Husni declined to comment on the report but said that Malaysia was looking at liberalisation to attract investment.


There are obvious positive nodes to these liberalization policies. The opening up of the once ‘protected’ Malaysian market is supposed to improve on the productivity and products. Better processes and system are put in place. However, what is the extend on how this will effect and impair the Malaysian homegrown firms of the same industry and nature. Till now, they are able to provide the same products and services to Malaysian corporations but it seems they have to compete on the economies of scale which these multinational financial services enjoy for their size and network.

The first phase of this liberalisation policy is for service providers in the financial and capital markets. Americans and West European corporations prefer service provider firms who are associated to their own first. Even corporate advisory and consultancy work, goes to ‘preferred’ firms like McKinsey, Hays, Booze, Allen & Hamilton and Boston Consulting. The fact is that, many Malaysian firms, especially new investment banks in the market could do equally good, if not better for their understanding and ‘feel’ of the Malaysian and regional economy. Many Malaysian IP providers find it impossible to serve these ‘tightly controlled’ markets. The decision makers within GLCs are also too blinded by the ‘branding’ game.

A case in point is the recruitment industry. The global financial storm has now affected a lot of MNCs, particularly American and West European firms to downsize their operations. It means that, the Malaysian job market will be flooded with professionals, semi professionals, skilled and semi skilled workers. It is upto the recruitment firms to work hard on getting these displaced workforce, placed at the soonest opportunity available.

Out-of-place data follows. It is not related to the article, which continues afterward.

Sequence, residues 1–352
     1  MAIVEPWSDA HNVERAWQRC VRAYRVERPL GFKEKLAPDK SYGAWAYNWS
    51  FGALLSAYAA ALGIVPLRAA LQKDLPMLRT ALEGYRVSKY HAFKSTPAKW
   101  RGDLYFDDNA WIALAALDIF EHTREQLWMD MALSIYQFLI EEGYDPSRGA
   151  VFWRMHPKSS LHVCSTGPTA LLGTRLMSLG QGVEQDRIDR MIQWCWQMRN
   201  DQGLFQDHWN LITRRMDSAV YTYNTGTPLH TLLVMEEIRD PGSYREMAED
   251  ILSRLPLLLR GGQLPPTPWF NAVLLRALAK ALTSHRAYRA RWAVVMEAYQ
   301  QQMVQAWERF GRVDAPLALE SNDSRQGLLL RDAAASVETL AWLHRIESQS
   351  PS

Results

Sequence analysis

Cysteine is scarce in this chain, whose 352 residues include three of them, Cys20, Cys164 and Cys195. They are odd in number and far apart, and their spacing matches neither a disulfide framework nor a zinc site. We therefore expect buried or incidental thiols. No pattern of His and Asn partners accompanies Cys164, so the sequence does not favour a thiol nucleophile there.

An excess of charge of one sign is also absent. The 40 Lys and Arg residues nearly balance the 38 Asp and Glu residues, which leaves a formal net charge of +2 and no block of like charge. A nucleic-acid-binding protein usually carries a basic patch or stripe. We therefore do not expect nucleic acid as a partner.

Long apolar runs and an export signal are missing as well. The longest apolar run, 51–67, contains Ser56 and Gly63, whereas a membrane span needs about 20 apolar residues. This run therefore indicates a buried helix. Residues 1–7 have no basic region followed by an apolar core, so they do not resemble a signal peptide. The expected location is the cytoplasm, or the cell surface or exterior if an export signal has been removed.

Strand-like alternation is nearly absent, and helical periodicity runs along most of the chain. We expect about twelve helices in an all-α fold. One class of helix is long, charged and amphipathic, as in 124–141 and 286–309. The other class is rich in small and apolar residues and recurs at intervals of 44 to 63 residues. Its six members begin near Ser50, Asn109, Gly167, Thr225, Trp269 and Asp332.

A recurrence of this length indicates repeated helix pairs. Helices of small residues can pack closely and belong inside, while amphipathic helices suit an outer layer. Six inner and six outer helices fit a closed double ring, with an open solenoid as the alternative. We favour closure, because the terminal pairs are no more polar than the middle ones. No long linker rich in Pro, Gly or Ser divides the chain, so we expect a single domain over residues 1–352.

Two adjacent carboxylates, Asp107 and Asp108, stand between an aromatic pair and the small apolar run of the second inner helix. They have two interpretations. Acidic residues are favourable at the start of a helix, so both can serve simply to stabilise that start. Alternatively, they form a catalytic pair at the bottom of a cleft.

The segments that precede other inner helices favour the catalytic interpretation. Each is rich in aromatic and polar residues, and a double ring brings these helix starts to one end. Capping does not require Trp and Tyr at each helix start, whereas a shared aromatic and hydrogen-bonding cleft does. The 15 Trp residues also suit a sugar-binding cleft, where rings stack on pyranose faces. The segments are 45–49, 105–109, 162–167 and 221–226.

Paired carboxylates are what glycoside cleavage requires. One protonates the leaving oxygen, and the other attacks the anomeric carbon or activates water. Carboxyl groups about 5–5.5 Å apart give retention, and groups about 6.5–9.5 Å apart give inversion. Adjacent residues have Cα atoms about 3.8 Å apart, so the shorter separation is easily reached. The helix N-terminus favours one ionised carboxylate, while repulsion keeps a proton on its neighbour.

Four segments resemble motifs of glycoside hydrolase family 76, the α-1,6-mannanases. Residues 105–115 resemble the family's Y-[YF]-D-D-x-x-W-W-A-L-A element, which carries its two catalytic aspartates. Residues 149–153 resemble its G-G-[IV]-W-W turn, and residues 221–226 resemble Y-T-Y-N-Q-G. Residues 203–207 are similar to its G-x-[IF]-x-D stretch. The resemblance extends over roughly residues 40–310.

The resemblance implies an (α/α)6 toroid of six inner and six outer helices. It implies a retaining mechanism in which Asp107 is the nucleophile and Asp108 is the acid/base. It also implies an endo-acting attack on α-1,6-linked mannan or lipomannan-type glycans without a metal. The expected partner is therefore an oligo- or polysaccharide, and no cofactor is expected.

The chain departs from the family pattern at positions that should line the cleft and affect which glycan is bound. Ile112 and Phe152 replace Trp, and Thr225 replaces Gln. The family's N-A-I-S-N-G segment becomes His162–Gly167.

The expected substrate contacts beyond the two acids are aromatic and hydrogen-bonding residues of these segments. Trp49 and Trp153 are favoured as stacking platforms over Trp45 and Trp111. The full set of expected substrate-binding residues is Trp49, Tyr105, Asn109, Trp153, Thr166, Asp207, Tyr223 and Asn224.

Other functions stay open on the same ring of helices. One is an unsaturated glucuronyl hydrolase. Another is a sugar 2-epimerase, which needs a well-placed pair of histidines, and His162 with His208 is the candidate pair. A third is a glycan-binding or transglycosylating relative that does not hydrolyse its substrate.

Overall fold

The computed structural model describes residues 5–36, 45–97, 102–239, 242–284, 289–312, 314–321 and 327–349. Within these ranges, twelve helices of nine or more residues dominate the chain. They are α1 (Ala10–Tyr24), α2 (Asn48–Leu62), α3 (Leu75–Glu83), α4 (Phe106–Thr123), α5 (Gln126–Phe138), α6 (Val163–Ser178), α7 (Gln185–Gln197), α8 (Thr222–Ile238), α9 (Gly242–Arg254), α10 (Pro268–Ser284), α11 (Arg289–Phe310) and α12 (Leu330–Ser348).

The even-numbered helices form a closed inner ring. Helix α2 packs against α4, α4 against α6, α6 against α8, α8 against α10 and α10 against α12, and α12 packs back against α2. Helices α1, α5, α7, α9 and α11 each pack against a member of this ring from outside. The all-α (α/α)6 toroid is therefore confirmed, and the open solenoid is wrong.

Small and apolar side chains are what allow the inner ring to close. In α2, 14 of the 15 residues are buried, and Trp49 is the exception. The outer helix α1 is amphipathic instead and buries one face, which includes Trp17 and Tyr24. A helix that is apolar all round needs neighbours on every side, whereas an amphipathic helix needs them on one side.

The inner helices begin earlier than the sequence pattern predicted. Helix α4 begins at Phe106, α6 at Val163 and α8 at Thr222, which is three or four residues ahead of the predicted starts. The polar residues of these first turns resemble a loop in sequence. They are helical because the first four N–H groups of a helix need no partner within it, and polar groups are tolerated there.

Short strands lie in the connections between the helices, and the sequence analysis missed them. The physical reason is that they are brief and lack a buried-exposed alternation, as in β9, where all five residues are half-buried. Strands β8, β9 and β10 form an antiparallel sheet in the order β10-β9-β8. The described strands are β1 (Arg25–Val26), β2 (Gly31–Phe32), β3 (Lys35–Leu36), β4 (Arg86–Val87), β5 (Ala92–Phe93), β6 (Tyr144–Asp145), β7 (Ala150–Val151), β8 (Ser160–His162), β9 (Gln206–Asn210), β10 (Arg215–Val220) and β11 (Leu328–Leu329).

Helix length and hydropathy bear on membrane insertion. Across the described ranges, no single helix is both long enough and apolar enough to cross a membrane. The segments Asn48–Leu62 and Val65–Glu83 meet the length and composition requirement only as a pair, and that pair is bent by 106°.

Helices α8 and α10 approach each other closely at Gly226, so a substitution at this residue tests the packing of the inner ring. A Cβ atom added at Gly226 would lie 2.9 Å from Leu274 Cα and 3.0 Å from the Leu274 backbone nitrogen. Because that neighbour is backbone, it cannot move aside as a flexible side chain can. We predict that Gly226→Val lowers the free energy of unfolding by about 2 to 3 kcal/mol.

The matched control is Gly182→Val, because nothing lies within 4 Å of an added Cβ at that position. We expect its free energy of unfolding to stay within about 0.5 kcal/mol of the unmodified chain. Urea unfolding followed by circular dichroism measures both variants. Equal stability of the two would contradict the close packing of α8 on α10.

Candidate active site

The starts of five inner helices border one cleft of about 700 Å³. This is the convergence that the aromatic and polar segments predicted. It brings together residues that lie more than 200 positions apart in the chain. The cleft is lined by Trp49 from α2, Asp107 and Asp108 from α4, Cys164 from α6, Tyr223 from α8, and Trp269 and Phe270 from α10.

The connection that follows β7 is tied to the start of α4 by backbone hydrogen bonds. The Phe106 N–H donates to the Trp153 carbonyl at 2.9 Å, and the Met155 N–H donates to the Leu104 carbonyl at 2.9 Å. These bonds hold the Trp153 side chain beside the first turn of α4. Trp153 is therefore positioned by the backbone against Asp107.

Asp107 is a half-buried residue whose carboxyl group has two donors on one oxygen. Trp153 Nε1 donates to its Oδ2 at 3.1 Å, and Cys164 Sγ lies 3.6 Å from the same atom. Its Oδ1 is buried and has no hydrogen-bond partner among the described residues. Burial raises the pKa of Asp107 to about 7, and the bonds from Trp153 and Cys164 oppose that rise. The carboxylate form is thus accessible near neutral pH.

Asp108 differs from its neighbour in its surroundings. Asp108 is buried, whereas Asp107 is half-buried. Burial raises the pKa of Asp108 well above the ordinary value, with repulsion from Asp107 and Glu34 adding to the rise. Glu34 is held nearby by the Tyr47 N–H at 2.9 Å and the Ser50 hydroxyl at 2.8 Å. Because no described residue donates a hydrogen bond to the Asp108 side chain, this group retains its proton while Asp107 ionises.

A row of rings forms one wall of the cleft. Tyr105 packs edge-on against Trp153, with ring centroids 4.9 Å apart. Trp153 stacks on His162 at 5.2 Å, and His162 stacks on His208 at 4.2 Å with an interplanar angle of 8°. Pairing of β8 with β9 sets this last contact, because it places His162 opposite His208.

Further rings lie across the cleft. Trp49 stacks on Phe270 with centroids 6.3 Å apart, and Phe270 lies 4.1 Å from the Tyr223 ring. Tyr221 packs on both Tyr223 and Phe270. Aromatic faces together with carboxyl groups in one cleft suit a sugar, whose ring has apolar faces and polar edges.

Some of the American and Singaporean recruitment firms which have offices here in Malaysia, should look into this. After all, they have enjoyed the accounts of major MNCs, like Intel, IBM, Dell and Western Digital and they have benefitted immensely on these ‘fat and highly lucrative’ accounts. On the other hand, Malaysian recruitment firms were never given the opportunity to penetrate these MNCs recruitment market, especially in the best times, despite 95% of the work force are Malaysians. It is simply because the Americans and Europeans favour their own and fully capitalize to provide all downstream and peripheral industries within themselves, as much as they can.